Thursday, June 19, 2014
Sleep -- Are We Doing It Wrong?
We all understand the importance of a good night's sleep, but many people do not sleep well. The University of Maryland Medical Center estimates that almost two-thirds of us have trouble falling asleep, staying asleep, waking up or feeling rested in the morning.
Accordingly, the United States now has hundreds of sleep treatment centers, and many people take over-the-counter or prescription sleep aids.
Psychologists and historians now suggest that these problems reflect a break with our evolutionary habits.
They have gathered a lot of evidence that suggests that eight hours of continuous sleep may not be as helpful as two periods of four hours of sleep with an interval of one to three hours of quiet wakefulness in between.
Thomas A. Gehr of the National Institute of Mental Health conducted a 1992 study that kicked off the discussion. He put a group of healthy men in an environment with 10 hours of light and 14 hours of darkness each day for a month. At the end of the month, the men had without effort adjusted their habits to sleep in two shifts, each several hours long, punctuated by one to three hours of wakefulness in between. Gehr called this "polyphasic" sleep.
Then historian A. Roger Ekirch published an interesting and readable book (which I recommend) in 2005 called At Day's Close: Night in Times Past.
In it, Ekirch cited references, starting as as far back as Homer's Odyssey, to "first sleeps" and "second sleeps." During the middle period, some people used the toilet or visited neighbors. Mostly, he said people stayed in bed to read, pray and have sex.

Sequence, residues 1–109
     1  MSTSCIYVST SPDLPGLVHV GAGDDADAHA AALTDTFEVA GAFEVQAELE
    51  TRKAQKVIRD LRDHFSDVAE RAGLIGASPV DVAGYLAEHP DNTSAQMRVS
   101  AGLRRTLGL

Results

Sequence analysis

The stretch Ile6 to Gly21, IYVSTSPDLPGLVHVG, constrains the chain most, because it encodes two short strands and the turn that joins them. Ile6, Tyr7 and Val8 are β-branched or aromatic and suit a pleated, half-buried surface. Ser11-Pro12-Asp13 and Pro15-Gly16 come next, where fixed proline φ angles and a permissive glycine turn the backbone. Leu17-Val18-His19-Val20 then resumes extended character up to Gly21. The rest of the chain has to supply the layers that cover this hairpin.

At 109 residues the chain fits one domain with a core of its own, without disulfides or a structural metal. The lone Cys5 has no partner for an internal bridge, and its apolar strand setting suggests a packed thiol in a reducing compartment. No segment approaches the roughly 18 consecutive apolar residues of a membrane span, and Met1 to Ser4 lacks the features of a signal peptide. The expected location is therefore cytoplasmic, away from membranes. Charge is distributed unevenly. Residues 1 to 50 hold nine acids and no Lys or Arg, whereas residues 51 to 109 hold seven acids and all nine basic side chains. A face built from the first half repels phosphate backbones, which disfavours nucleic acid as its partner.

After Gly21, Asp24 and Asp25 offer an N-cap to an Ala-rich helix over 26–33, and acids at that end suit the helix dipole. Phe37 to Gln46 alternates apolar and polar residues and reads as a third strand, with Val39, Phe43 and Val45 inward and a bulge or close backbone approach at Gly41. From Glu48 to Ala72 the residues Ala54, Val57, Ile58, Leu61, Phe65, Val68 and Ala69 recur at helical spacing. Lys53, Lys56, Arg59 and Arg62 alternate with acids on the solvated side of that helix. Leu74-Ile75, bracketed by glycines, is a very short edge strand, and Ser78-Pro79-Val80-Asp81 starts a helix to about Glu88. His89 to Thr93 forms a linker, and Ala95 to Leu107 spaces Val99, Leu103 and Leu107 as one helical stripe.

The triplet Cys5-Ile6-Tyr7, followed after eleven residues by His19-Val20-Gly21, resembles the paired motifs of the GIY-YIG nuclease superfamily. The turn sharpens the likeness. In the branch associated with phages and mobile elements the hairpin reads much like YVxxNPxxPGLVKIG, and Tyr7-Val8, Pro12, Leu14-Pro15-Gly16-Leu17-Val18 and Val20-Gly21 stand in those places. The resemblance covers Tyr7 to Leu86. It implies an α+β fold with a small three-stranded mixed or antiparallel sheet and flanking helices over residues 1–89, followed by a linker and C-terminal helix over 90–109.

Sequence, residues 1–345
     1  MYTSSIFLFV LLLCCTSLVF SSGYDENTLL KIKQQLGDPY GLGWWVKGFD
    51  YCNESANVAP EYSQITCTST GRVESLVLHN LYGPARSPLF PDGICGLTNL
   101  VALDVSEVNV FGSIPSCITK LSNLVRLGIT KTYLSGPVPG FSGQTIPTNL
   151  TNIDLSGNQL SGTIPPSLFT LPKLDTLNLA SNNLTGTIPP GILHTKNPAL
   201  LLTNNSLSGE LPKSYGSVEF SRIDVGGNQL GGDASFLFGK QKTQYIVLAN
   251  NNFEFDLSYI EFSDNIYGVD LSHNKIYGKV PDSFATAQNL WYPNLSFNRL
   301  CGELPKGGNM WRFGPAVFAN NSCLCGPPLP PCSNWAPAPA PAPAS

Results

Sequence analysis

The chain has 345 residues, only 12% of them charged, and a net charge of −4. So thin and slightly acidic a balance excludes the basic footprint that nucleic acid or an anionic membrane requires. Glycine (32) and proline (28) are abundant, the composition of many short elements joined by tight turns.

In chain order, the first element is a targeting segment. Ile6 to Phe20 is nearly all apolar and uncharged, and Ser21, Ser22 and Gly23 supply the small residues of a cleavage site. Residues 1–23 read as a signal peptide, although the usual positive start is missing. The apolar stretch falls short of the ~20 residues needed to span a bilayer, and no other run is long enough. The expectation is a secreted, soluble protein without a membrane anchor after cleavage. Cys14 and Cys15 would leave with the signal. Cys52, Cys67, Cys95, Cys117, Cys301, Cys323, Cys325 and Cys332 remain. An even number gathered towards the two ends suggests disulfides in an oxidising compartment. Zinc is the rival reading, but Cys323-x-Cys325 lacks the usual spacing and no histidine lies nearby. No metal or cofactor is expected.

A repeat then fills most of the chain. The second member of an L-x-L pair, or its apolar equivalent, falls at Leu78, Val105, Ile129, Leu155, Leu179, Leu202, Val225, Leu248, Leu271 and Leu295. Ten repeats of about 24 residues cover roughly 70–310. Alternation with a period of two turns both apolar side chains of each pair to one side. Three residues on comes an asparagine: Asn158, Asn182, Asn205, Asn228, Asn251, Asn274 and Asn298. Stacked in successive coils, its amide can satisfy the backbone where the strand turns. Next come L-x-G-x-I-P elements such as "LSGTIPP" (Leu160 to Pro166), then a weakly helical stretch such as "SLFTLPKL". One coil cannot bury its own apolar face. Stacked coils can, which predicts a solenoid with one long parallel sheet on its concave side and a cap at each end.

The volume of references he cites is compelling. In one instance, he reports the discovery of many 15th century prayer manuals designed specifically for use in the period between first and second sleeps.
In another, he says that Benjamin Franklin took "cold air baths," reading, naked in a chair, during his middle-of-the-night wakeful periods.
Ekirch and psychologists have speculated that this quiet middle period of relaxed reading and reflection may have had the evolutionary benefit of regulating tension and stress that built up during the daytime.
The introduction of artificial light seems to be what killed off the old sleep patterns.
In earlier times, people took shelter from the dark for fear of highwaymen or predatory animals. But gas lamps and, later, electricity allowed some safety. People could venture out at night or keep the lights on indoors. It became easier to stay up later and collapse the longer sleep-wake-sleep routine down to a steady eight hours in bed.
By the 1920s, references to polyphasic sleep had all but disappeared in the West. Even today, though, some African tribal peoples and a number of animal groups continue to live on polyphasic schedules.
I have met several people who have adopted this sleep pattern. Each of them lives alone and has the freedom to set his or her work schedule. They seem to drift into this habit naturally and to find it comfortable, but they are a little defensive about it.
Maybe they could teach us something.